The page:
There’s a massive disco ball hanging from the ceiling that he promises will spit out all manner of wild, bright lights. He thinks many bands will put it to use and wants to show it off, but the workers say it's out of operation for now.
The stage, still under construction, is elevated and on rollers, and will be able to be moved forward and backward depending on the size of the crowd. With an empty house, the view looks promising from any line of sight. And mercifully, there will be places for everyday concert-goers to sit without losing their view.
New-smelling speakers are sitting on the floor, about to be stacked and harnessed. Blue curtains are hung. Lights are up. The bass traps are ready to trap bass. Opening night is a week away.
Surely, somebody's worried, because things are far from finished.
But Strasburg's mind is on the music. Jumping around the bleachers, he's rattling off the lineup, much of which he booked — from the Lumineers to Gregory Alan Isakov, Trey Anastasio, Kamasi Washington, Herbie Hancock and George Clinton, who will play his last Colorado show in the space.
No doubt, Strasburg loves musicians. His staff says he attends every show he books — more than 200 a year.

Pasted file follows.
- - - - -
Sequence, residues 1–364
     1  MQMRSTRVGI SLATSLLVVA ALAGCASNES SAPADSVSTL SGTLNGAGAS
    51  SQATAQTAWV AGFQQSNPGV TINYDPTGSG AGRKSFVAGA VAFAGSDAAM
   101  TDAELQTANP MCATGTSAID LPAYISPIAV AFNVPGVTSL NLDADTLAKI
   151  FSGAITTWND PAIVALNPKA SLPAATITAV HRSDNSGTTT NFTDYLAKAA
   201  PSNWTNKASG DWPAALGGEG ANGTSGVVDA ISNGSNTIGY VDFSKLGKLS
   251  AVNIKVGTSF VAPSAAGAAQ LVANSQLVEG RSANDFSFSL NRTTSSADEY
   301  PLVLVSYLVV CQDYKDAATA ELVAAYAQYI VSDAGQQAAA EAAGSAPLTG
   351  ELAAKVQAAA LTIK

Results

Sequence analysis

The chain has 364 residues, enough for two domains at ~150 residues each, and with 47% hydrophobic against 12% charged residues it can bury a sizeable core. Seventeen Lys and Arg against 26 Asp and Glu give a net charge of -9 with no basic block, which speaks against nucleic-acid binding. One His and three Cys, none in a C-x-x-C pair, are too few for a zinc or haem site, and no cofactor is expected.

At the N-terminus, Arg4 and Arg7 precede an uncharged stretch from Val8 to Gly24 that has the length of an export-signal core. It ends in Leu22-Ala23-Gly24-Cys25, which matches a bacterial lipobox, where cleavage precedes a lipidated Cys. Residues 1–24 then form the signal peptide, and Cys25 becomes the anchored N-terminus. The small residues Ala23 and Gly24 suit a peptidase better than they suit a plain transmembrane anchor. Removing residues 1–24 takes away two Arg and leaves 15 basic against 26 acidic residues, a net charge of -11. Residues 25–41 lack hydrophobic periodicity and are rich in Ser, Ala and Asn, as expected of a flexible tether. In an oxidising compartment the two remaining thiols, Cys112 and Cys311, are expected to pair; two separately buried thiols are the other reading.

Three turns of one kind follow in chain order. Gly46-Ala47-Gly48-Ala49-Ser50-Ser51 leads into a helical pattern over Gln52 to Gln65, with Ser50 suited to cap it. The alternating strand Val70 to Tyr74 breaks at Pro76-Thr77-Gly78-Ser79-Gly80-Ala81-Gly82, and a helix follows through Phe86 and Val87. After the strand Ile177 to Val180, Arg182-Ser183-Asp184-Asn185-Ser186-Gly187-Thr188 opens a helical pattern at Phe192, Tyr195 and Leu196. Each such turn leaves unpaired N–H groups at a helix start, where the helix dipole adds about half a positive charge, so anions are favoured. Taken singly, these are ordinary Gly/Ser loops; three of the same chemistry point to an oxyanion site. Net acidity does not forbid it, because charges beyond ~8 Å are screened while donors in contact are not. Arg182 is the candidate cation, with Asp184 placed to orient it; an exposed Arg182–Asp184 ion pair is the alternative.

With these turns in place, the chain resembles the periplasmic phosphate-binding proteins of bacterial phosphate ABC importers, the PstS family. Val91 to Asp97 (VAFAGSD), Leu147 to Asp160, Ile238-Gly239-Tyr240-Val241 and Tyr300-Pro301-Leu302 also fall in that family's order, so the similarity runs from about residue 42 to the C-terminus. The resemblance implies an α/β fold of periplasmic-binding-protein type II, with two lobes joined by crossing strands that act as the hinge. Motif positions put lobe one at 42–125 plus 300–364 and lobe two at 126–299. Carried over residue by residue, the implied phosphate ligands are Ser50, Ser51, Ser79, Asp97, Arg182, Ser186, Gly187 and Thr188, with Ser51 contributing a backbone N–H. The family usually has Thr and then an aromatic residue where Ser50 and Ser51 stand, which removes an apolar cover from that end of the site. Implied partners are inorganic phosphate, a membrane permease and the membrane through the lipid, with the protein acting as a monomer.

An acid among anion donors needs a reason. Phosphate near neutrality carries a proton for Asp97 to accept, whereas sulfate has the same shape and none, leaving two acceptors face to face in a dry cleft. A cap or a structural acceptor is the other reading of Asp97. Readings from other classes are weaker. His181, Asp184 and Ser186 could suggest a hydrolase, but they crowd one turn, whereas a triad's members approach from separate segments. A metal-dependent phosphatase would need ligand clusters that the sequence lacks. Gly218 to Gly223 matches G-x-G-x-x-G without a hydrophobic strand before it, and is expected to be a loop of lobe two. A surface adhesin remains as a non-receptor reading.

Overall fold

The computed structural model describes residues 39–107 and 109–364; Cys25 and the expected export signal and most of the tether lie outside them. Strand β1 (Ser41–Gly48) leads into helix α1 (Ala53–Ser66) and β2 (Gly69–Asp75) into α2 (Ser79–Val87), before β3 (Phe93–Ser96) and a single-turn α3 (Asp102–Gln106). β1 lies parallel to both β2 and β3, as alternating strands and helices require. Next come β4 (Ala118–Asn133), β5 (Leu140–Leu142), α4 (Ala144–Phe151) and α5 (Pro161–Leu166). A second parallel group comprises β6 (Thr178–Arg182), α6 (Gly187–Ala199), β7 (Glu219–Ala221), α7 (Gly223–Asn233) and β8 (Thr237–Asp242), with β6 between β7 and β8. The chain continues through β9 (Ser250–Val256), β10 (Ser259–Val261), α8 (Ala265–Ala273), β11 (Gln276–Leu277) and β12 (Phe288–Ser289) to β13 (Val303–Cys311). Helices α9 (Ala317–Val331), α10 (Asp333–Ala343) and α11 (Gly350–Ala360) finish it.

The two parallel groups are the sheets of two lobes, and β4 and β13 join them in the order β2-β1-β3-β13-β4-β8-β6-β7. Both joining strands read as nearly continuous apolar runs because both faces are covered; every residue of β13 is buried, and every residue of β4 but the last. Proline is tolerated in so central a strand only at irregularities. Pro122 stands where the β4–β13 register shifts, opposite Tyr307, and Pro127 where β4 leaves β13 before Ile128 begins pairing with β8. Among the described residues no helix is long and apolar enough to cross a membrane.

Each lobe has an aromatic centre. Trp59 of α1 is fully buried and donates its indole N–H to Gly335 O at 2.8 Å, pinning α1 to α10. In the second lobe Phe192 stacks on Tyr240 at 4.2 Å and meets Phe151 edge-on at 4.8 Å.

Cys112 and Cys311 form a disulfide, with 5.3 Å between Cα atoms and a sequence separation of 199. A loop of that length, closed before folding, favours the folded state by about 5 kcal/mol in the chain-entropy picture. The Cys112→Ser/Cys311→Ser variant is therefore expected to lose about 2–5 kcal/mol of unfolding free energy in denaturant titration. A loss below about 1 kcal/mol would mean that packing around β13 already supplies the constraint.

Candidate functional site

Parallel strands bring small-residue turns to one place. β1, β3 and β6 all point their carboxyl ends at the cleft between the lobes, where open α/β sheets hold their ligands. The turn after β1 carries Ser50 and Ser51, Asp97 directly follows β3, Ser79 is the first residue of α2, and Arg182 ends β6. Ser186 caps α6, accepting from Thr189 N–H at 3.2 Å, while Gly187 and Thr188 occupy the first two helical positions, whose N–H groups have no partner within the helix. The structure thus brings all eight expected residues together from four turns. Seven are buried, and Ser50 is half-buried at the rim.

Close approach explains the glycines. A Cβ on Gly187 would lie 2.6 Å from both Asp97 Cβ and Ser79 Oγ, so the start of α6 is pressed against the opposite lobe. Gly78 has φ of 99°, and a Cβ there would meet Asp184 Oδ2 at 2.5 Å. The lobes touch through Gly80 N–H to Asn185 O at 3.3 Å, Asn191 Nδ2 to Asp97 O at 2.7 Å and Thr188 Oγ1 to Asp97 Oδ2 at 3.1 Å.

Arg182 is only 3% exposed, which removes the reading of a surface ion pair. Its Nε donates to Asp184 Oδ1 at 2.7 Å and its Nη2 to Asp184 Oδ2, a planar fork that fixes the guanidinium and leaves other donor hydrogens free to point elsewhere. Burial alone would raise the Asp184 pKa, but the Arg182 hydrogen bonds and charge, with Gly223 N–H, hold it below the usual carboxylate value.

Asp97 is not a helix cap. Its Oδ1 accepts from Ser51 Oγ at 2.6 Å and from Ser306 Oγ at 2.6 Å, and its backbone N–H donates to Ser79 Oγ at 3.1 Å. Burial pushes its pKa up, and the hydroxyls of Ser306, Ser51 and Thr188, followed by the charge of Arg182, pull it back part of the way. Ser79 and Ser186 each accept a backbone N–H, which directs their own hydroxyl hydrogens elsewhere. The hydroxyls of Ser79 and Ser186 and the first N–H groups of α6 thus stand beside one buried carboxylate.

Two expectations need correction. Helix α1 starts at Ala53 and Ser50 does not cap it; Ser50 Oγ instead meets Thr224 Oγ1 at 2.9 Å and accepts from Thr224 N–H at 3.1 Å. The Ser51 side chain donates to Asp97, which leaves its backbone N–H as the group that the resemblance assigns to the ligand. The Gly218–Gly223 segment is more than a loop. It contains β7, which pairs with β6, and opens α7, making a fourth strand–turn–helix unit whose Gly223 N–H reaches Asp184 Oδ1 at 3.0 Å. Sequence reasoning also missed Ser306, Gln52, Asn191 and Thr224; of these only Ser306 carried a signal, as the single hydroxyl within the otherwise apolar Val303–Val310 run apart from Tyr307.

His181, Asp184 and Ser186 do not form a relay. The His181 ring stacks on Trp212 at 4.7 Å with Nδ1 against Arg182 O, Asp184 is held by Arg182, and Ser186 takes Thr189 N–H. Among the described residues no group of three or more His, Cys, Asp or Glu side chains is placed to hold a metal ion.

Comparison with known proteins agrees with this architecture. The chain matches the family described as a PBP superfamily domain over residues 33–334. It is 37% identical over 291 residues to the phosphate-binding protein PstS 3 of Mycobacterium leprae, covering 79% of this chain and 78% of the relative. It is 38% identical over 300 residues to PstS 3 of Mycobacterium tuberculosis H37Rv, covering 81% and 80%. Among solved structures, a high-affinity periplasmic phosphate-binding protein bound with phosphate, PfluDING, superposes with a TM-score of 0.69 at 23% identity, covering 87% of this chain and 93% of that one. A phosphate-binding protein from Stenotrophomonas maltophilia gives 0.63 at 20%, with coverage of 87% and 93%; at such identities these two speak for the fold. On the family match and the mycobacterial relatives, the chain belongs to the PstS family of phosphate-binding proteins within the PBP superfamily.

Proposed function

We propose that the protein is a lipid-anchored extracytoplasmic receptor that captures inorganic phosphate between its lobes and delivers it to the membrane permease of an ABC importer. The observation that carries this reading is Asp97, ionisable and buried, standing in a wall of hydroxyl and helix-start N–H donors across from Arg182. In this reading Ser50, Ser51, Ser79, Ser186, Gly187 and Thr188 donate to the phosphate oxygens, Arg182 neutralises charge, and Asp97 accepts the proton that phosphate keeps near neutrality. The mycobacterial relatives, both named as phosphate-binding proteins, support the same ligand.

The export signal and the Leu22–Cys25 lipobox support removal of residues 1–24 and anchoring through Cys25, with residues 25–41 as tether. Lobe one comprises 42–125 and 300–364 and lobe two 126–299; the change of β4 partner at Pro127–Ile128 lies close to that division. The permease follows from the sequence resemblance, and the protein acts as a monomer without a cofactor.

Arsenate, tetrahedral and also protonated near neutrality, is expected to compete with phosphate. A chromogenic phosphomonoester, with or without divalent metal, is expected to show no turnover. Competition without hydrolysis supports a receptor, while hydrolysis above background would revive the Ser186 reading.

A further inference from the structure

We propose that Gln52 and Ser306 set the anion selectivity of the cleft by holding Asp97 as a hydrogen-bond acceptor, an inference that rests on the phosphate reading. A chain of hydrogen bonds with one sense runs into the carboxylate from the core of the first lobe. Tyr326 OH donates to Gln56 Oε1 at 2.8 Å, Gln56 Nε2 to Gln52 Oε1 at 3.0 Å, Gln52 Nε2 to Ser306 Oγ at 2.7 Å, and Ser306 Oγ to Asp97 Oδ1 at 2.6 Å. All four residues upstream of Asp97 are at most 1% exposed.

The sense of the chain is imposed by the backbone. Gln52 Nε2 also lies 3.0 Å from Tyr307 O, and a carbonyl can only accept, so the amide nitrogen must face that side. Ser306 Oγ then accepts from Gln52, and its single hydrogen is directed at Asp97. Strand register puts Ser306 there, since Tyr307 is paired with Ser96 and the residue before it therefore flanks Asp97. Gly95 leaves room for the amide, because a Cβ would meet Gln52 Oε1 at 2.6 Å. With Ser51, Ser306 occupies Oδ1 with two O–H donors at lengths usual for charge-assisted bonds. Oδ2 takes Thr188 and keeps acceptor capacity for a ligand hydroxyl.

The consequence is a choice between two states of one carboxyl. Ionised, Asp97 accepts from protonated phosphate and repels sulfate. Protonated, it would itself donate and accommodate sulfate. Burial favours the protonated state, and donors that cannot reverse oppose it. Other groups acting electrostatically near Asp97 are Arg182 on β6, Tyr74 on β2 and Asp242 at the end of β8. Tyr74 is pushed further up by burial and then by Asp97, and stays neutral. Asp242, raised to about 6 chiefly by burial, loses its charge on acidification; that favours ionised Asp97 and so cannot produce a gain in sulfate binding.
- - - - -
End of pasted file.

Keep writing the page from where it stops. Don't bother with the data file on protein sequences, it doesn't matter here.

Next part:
But loving musicians isn't always easy. His grin melts away as he talks about Jeff Austin, a founder of the Yonder Mountain String Band who died unexpectedly a few weeks ago. The Mission will host a fundraiser on November 4, titled What the Night Brings, for Austin’s struggling children and wife.
That night, a daunting lineup of bluegrass and roots artists will grace the stage: Bill Nershi, Billy Strings, Brendan Bayliss, Greensky Bluegrass, Hot Rize, the Infamous Stringdusters, Keith Moseley, Keller Williams, Leftover Salmon (acoustic), members of the Jeff Austin Band, Kyle Tuttle, Jean-Luc Davis, Julian Davis, Mimi Naja, Noam Pikelny, Railroad Earth, the Travelin’ McCourys, Yonder Mountain String Band and more.
As powerful as Strasburg is, as he stands in AEG's latest monument to music, he looks helpless as he talks about how a musician he respected lost his life way too young, leaving his kids without a dad. Strasburg knows the economic hardships musicians face, the lack of health insurance, life insurance and savings. He helped set up a GoFundMe account for the family, and the November concert is just his latest effort to show his support.
Strasburg gathers himself together and walks down a set of stairs to show off a print that he found in Europe that reads: "WHAT UNITES HUMAN BEINGS EARS EYES TOES HEARTS HOPES LOVES...IS HUGE. AND WONDERFUL. WHAT DIVIDES HUMAN BEINGS IS SMALL AND MEAN."
That, he says, is what the Mission's all about.
Almost as soon as the tour starts, it's over. Strasburg squeezes me in a bear hug, we shake hands, the camera cuts off, and I’m relieved.
I don’t want back into the space until a band’s playing, I'm in a dancing crowd, and I can see the venue in action — with real ticket buyers, real musicians and real employees.
“How did I do?” Strasburg asks, as he heads into his next interview, this one with a reporter from Billboard.
“You did good,” I tell him, but I don’t need to. He knows.
And still, Strasburg’s grinning.